I used to really only like drinking my tea out of one of a set of four Country Road mugs I'd been given for my birthday a few years ago. One male flatmate recently took to purposely making my tea not in my mug of choice, knowing how much it grated me. We had a purge recently of surplus crockery - to the brown box they were banished - and my neuroses around mug usage were laid bare. I love mismatched plates, and I really enjoyed reading about Joy the Baker's plate collection a couple of days ago, but mugs I'm just a little bit funny about.
And so I'm making a concerted effort to love the other mugs the boys insist on keeping on the shelf. All different shapes and everything. One of them returned recently from a brief sojourn in Europe and on purpose returned with a souvenir mug that's actually very cute. I've learnt to love it; it's amazing how good two mismatched mugs can look side by side, full of fresh morning coffee, on top of the Sunday paper, whilst lazing on the couch, Band of Horses playing, pre-winter sunshine pouring in.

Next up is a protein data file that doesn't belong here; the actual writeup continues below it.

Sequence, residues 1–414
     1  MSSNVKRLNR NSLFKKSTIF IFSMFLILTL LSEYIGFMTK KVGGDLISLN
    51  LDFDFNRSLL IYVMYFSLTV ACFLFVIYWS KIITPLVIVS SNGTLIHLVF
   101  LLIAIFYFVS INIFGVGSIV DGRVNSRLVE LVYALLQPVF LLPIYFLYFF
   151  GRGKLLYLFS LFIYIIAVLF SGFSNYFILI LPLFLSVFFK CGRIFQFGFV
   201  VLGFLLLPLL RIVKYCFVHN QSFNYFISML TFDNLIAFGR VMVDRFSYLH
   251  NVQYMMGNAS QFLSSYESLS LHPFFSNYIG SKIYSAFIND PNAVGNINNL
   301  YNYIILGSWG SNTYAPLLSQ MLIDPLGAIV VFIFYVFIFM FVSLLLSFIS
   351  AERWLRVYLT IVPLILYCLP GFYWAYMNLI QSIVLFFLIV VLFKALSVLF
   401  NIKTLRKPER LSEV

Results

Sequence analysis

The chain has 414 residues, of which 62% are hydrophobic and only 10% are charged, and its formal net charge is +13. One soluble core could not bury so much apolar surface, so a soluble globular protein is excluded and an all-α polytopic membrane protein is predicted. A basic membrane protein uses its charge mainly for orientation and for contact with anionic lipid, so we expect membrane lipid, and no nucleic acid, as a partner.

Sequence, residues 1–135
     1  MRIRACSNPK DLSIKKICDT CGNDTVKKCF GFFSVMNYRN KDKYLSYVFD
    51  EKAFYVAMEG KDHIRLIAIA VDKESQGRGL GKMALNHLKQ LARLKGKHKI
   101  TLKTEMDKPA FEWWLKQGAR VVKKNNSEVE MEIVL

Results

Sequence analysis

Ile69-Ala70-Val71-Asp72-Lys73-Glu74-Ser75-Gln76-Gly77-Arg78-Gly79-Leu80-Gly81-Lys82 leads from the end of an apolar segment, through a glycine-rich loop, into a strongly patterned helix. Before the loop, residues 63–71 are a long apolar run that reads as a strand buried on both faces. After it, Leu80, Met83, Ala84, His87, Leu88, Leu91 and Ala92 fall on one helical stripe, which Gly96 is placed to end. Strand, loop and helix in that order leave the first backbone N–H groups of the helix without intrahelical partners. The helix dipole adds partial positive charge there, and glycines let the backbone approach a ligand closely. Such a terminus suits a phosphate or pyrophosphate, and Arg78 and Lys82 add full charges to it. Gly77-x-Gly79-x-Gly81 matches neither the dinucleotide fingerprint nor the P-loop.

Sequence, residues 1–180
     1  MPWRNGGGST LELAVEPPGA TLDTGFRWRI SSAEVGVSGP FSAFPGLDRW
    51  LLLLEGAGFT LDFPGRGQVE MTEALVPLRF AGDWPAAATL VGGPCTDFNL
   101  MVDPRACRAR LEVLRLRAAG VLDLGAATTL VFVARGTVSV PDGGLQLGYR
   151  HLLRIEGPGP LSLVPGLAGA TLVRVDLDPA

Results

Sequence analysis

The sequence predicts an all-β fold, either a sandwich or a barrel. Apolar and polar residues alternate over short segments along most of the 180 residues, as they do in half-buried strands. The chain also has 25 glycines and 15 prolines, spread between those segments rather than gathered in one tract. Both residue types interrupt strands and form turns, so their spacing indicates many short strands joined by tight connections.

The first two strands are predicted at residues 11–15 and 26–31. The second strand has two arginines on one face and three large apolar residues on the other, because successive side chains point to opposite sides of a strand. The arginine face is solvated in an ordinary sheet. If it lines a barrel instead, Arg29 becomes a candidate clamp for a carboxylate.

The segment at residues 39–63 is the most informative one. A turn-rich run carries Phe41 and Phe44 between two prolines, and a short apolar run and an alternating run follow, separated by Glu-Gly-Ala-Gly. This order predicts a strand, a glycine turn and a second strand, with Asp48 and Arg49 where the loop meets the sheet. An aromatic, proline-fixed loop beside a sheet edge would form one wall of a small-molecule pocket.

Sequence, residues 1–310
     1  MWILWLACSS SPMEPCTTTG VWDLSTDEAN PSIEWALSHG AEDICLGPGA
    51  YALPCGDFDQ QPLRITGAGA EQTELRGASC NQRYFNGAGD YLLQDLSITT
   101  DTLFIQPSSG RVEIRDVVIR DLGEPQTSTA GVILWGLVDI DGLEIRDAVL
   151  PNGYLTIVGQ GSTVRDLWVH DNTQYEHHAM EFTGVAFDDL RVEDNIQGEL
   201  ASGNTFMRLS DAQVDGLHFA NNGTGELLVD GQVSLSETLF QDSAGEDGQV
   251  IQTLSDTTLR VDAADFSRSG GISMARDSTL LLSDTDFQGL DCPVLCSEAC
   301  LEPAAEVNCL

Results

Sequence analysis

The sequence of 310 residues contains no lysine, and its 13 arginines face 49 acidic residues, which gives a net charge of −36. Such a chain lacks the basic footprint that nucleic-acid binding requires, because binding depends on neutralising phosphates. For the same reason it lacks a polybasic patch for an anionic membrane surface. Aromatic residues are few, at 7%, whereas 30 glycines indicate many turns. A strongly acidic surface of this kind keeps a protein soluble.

2. On Scones
I'm cooking again on Good Morning this Tuesday, post long-weekend shenanigans. I made these savoury pumpkin scones for my workmates bright and early yesterday morning, and they're going to feature on the show. They didn't rise as intended, but I think I know why and have altered the recipe and technique accordingly. And if not, then I'll just look silly on national television. Again. Remember the disastrous cauliflower soup? (it is actually delicious, and it is soup season, so don't let my technological incompetence put you off trying it!)
3. On the Weekend ahead
The fridge is stocked full of tasty ingredients, all ready to come away with us for a long weekend with a bunch of mates at the beach. I'll be off to the mighty Wairarapa after work tomorrow and culinary features of a bach holiday will include banana bread, homemade burgers, that bread, tasty salads and along with board games and good music, lots and lots of cheap red wine. Wherever you are and whatever you're up to, enjoy!